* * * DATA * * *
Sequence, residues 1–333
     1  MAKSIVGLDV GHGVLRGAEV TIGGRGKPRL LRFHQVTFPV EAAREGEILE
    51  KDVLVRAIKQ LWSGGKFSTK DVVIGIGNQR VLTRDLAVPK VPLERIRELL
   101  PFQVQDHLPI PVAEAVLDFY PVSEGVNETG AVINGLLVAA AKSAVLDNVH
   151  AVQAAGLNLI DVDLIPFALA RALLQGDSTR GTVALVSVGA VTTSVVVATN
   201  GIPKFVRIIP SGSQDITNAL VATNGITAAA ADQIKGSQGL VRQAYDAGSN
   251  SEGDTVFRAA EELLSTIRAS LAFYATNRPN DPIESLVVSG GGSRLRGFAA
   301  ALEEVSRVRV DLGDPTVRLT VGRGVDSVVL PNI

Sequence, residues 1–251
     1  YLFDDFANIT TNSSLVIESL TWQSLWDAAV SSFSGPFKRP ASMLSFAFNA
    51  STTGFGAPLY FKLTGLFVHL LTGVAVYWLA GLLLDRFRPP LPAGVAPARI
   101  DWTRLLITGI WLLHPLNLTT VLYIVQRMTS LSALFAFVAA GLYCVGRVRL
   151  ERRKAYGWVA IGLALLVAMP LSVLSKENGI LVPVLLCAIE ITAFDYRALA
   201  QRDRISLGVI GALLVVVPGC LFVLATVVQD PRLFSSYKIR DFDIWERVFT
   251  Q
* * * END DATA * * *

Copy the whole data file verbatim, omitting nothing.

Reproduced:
Sequence, residues 1–333
     1  MAKSIVGLDV GHGVLRGAEV TIGGRGKPRL LRFHQVTFPV EAAREGEILE
    51  KDVLVRAIKQ LWSGGKFSTK DVVIGIGNQR VLTRDLAVPK VPLERIRELL
   101  PFQVQDHLPI PVAEAVLDFY PVSEGVNETG AVINGLLVAA AKSAVLDNVH
   151  AVQAAGLNLI DVDLIPFALA RALLQGDSTR GTVALVSVGA VTTSVVVATN
   201  GIPKFVRIIP SGSQDITNAL VATNGITAAA ADQIKGSQGL VRQAYDAGSN
   251  SEGDTVFRAA EELLSTIRAS LAFYATNRPN DPIESLVVSG GGSRLRGFAA
   301  ALEEVSRVRV DLGDPTVRLT VGRGVDSVVL PNI

Sequence, residues 1–251
     1  YLFDDFANIT TNSSLVIESL TWQSLWDAAV SSFSGPFKRP ASMLSFAFNA
    51  STTGFGAPLY FKLTGLFVHL LTGVAVYWLA GLLLDRFRPP LPAGVAPARI
   101  DWTRLLITGI WLLHPLNLTT VLYIVQRMTS LSALFAFVAA GLYCVGRVRL
   151  ERRKAYGWVA IGLALLVAMP LSVLSKENGI LVPVLLCAIE ITAFDYRALA
   201  QRDRISLGVI GALLVVVPGC LFVLATVVQD PRLFSSYKIR DFDIWERVFT
   251  Q